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PM Julia Gillard was supposed to launch Labor's new policy to tackle climate change on July 23. But in essence she merely restated the same old Labor climate policy: delay, delay and delay again.

Gillard's speech was pages long, but her climate agenda can be summarised in just four words — more talk, less action.

The core promise was that her government would create a "citizens assembly" to discuss options to deal with global warming. Perhaps the government will propose the ice caps and glaciers hold off from melting until Gillard's august assembly has concluded its deliberations.

Up to 1.5 million people flooded the streets of Barcelona on July 10 in an enormous demonstration behind a lead banner proclaiming: “We are a nation, we decide.” The turnout exceeded the most optimistic forecasts.

Even the most conservative and Spanish-nationalist media admitted this huge protest against the constitutional court’s undermining of Catalonia’s Statute of Autonomy was one of the biggest since the end of the Franco dictatorship in 1975 — and the most important in the history of Catalan nationalism.

A jury voted on July 8 to convict a transit police officer who killed an unarmed 22-year-old African American man, Oscar Grant III, on an Oakland station platform 18 months ago. But the officer was convicted of the least serious possible manslaughter charge.

The verdict left Grant’s family and their supporters — and the community that Grant called home — bitter and angry.

The TV anchorwoman was conducting a split screen interview with a journalist who had volunteered to be a witness at the execution of a man on death row in Utah for 25 years.

“He had a choice”, said the journalist, “lethal injection or firing squad”. “Wow!” said the anchorwoman.

Cue a blizzard of commercials for fast food, teeth whitener, stomach stapling, the new Cadillac. This was followed by the war in Afghanistan, presented by a correspondent sweating in a flak jacket.

Supporters of the Addison Road Centre in Marrickville met on July 15 to discuss a plan to sustainably deal with the centre’s waste and turn ARC into a leader in environmental sustainability.

The centre was built in 1914 as an army barracks. The NSW Lands Department handed it over to the community in the late 1970s after a long struggle. For 30 years, ARC has provided a large community space in inner-western Sydney.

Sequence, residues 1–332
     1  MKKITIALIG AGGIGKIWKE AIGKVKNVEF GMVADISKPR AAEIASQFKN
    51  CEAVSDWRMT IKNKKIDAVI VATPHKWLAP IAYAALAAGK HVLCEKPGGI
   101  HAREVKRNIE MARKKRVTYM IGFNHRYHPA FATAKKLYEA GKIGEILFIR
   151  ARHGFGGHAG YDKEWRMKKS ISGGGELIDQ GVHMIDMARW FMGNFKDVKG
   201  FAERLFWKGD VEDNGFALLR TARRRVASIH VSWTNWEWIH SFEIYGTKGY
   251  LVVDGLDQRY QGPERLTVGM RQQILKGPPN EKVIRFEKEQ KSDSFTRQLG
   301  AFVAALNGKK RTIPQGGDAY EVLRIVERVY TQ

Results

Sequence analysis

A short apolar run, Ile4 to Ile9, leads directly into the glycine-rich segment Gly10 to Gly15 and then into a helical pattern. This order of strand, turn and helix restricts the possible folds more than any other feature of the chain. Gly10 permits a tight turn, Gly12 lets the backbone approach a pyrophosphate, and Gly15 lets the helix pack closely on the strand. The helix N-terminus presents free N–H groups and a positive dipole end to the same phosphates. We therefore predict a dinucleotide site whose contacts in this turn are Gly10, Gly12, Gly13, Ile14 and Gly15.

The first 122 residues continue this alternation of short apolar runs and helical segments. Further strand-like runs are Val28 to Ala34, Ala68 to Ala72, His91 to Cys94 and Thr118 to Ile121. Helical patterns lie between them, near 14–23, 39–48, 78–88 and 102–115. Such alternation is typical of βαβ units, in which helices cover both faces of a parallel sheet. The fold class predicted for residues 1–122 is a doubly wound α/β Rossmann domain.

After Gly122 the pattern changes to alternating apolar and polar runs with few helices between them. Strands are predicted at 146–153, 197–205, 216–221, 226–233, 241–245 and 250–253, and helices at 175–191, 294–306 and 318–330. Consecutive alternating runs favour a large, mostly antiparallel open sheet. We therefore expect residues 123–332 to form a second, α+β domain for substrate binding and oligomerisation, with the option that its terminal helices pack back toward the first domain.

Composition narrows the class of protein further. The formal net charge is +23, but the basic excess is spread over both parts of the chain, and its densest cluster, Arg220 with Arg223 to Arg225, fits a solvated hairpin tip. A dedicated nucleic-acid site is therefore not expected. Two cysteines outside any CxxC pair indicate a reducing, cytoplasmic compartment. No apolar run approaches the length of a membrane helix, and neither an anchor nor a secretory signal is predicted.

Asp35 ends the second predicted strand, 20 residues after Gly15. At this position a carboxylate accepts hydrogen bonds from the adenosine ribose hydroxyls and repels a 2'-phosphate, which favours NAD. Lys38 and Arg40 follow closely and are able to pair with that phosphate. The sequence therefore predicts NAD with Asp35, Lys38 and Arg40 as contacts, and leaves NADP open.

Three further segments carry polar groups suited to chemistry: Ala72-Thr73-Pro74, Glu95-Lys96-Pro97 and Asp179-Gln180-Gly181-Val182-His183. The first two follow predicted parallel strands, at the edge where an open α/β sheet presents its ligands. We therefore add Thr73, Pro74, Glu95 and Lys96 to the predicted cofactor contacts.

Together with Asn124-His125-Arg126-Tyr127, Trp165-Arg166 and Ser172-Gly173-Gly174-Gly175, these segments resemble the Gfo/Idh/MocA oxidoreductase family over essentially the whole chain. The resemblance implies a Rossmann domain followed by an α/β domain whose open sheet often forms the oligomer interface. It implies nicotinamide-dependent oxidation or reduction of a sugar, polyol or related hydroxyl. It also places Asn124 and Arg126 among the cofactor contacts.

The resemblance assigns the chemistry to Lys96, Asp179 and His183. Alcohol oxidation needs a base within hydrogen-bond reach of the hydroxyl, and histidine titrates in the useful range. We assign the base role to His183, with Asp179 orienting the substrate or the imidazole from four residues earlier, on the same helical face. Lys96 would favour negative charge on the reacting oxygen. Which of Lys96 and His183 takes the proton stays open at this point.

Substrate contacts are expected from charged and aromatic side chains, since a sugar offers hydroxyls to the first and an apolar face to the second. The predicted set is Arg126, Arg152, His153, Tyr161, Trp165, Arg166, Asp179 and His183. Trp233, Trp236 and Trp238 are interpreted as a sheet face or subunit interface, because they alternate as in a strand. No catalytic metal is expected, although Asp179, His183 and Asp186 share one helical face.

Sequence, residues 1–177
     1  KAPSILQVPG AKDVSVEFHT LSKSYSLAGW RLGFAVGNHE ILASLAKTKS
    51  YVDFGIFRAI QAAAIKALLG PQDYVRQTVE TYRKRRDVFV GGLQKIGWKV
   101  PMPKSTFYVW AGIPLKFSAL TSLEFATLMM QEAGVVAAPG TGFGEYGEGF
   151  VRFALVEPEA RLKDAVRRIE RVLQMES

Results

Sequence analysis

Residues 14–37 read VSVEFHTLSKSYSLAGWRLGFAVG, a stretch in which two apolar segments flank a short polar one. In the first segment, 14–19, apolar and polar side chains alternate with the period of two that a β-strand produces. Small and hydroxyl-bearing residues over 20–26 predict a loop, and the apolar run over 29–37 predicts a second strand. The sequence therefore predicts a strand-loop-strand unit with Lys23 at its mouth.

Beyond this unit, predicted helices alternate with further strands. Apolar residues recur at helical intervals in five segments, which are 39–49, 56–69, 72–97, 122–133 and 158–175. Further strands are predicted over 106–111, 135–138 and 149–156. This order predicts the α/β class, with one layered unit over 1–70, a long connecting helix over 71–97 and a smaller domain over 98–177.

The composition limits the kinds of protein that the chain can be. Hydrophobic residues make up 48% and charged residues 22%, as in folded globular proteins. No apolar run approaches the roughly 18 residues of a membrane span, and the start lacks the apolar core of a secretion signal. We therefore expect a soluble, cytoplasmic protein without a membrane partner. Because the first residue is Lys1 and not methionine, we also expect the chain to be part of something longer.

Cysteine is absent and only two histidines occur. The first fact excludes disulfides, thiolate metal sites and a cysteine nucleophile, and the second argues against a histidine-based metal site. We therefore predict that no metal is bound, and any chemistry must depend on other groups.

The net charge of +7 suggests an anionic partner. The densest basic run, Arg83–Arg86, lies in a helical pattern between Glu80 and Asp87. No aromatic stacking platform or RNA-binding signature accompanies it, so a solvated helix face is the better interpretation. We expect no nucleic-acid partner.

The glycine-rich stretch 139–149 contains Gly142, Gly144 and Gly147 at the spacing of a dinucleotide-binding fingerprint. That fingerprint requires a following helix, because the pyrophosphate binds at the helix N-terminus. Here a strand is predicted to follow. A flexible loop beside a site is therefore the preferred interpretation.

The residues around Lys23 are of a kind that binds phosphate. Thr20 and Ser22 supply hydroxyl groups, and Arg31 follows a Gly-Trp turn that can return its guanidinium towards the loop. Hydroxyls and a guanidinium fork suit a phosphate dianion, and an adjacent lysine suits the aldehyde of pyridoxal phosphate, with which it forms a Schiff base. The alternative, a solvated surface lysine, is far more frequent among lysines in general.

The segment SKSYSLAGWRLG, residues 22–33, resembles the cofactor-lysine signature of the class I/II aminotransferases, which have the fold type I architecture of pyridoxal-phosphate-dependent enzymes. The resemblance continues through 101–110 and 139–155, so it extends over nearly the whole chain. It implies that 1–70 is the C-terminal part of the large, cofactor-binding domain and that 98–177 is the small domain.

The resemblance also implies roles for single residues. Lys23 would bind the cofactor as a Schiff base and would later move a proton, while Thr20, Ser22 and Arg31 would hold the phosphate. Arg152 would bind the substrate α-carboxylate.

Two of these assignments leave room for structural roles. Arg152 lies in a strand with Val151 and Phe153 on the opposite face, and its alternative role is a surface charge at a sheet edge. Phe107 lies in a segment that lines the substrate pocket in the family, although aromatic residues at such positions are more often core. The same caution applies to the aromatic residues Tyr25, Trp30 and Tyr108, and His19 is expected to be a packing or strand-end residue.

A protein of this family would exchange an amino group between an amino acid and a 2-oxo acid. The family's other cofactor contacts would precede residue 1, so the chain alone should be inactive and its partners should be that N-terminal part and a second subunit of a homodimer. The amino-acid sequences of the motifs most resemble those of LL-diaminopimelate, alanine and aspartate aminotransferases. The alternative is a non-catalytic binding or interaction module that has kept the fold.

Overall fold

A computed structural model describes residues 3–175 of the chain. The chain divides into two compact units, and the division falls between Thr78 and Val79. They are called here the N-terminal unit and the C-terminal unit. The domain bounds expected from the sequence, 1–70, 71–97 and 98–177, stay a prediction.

A law preventing local councils from providing waste services to non-ratepayers has meant ARC faces a huge cost for waste removal.

Francisco Chavez Abarca, who was recently extradited to Cuba, has admitted being contracted by Cuban-born terrorist Luis Posada Carriles to carry out destabilising acts in Venezuela in the lead-up to the September National Assembly elections.

Posada Carriles is a former CIA agent wanted for his role in a 1976 attack on a Cuban plane that left 73 passengers dead. He lives in Miami. The US government, going against international law, has refused Venezuelan and Cuban requests to extradite him.

Work at all P&O Automotive and General Stevedoring (POAGS) wharves shut down nationwide in all 15 ports for 24 hours at midday on July 14 after the death of another waterside worker. It was the third this year, the second at POAGS operations and the third fatality at Appleton Dock in seven years.

A 41-year-old Melbourne waterside worker, Stephen Piper, was crushed to death that morning at Appleton Dock.

Resistance has always championed solidarity with refugees, in a political arena of racism and fear-mongering. Resistance is committed to building campaigns demanding dignity, respect and human rights for asylum seekers.

Recently, we have been reaching out to refugees who are detained like prisoners for legitimately seeking asylum in Australia. Group visits to Villawood detention centre in western Sydney were initiated by Sydney Resistance about three months ago. Wollongong and Newcastle Resistance branches have also been involved.

Hundreds of angry Queensland nurses rallied outside Queensland parliament on July 14 to protest against the ongoing pay debacle caused by problems with the new computerised payroll system.

Queensland Health introduced the system four months ago. Problems have included health workers being underpaid or not being paid at all, ABC Online reported on July 15. The rallying nurses chanted "No pay, no work!", and many threatened to quit if the errors were not fixed soon.

Citizens rallied in two Afghan cities on July 10 and 11, chanting slogans against the occupying powers and the unpopular regime of President Hamid Karzai for failing to protect civilians.

On July 10, hundreds took to the streets of Mazar-i-Sharif to demand that all occupation forces leave.

The protest was organised after an artillery barrage from occupying NATO forces killed six civilians in Paktia province on July 8 and US troops killed two civilians in a pre-dawn raid in the city on July 7.

Protesters chanted slogans against occupation forces and Karzai.

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